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going east

This blog is to be a repository of my stories.
Here's one, a novella in progress. i hope u dig it.

Chapter 1

Boroks had an amusing job. They had to give heed to any signs of new 'births'. They would scout the new births, feed them their first supper and help them to stand on their feet. It was the only thing they knew to do. They had big ears, round eyes, strong and long arms, wide and stodgy feet and no teeth. They had a mouth but only to yawn. They lived off 'work'. The faster they would work, the more energetic they would feel. A borok confined is a borok dead.


Ardin & anksha - the gods, who created this world, had a tiff when they started with the creation of life forms. Anksha had created a million different kinds of them. He let them loose and would watch them serenely. Ardin would rather have uniformity and consistence. He wanted them all to be the best (most agile, efficient and adapting), in other words - the same. Being his usual mercurial, ardin lashed out at the world with awesome power. But Anksha intervened. Anksha loved his creature too much to let go. He faced the destruction ray instead. Being invincible, he didn’t suffer; however, he lost his balance momentarily. In his efforts to regain balance, he groped for things around him. And then… he held on to the arrow of time. His grip was so tight, and the fall so sharp, that the arrow turned the other way. And the world was never the same again.


Ardin repented for his act and tried to help Anksha, set the world straight. And his first gift was - the boroks.


The sky was a clear, blue, wide expanse of sheer rapture. There was not a cloud in sight. The bright blue of the sky abruptly sprung forth over the insurmountable violet violence of Virat Mountains in the west. The jagged edges of which, diving upwards were, as if, fighting for space. They bore the crimson evidence of their ego.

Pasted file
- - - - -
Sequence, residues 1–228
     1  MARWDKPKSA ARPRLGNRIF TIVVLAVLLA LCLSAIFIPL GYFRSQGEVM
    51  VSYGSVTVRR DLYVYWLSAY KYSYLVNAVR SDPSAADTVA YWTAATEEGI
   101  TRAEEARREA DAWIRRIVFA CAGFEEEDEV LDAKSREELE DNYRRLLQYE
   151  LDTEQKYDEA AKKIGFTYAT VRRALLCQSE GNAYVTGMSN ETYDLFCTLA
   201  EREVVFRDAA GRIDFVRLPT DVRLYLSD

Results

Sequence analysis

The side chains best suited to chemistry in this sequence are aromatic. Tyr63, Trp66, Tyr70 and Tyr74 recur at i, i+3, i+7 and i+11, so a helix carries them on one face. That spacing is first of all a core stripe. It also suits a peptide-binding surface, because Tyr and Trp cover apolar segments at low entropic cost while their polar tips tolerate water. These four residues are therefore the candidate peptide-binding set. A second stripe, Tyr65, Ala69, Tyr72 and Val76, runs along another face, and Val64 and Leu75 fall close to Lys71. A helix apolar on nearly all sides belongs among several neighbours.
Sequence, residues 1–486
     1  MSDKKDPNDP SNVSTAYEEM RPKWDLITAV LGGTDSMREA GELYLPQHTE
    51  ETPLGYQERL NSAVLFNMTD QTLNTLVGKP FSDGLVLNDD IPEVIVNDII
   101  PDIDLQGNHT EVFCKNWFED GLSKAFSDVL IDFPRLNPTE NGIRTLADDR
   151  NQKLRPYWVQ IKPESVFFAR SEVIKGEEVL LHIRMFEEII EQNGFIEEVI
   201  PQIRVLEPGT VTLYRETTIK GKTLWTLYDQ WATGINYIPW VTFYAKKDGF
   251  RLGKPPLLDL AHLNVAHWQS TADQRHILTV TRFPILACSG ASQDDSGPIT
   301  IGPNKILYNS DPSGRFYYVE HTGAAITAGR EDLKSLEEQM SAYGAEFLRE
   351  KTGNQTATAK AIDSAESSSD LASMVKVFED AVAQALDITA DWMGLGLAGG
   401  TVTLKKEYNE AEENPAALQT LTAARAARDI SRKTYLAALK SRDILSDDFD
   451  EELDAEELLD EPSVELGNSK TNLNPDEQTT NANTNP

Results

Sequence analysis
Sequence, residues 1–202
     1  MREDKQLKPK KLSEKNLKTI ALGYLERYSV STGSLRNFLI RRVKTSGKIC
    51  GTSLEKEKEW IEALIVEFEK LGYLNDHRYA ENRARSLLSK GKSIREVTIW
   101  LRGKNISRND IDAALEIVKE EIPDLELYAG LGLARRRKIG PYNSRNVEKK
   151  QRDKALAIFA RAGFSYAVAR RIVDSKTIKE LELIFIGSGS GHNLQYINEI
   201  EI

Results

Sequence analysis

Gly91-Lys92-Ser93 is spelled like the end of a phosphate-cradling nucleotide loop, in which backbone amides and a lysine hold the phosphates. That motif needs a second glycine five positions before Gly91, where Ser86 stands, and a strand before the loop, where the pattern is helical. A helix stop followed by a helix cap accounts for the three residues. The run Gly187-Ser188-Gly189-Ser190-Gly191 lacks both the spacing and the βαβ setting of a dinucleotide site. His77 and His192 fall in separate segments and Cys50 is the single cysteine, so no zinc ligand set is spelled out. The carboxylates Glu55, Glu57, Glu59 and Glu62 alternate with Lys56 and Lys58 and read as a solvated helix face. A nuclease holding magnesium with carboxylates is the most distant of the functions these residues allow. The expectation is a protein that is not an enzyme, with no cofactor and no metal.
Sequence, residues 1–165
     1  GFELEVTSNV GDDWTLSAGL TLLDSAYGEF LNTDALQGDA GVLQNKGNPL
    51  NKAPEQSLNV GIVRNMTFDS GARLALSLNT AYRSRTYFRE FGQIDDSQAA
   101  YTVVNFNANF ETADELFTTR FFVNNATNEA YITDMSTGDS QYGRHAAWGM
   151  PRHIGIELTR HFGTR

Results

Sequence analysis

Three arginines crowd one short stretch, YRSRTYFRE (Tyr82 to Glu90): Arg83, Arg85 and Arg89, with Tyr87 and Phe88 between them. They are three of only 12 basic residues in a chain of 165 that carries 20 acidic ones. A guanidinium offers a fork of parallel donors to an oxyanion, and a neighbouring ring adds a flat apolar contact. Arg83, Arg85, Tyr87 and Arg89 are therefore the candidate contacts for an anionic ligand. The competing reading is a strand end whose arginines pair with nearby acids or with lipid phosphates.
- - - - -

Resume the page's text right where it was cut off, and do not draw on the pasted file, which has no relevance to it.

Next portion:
The emerald sparkle of the dense foliage at the foot of Virat, were defiantly beaming, because the sun had long risen over the Virat, and they had plenty of time before they would close down, with the dawn of starry night. These plants had large saucery aperture. Their leaves coalesced in divine surrender to their one god – the sun. The saucers would collect the ‘sundrops’, their staple food, which the sun incessantly spewed out. A white blazing mist stayed afloat over the greenery for most of the day.
Between this pool of sundrops, and the thick layer of mist, prickly bolts would spring up. This kept most other insects and animals away from the pool, and the plants, happy.

All of a sudden, borok’s ears tweaked, and eyes narrowed. A few of them ran out of their caves, and stood with excruciating patience.
A hurricane had squished through the palette of violet, greens and blue, and turned the whole landscape into an abnormally serene, juxtaposition of colours. But their alertness owed allegiance to arrival of something else. They didn’t have ‘reason’ on their side. They lived in a state of complete surrender. Surrender to the one objective of life: That of assistance to the new-borns.
Through the eye of the hurricane, sunny and sanica made their maiden voyage into this world. From the eye of the hurricane, straight in between the abreacting thunderbolts and into the pool of sundrops. The hurricane had ripped the plants, and had thrown them every which way. The one in which sunny and sanica found themselves, sat delicately perched over one of the jagged edges. Their gaunt figures, frail but not trembling, stood in the pool of sundrops. Boroks were on their way.



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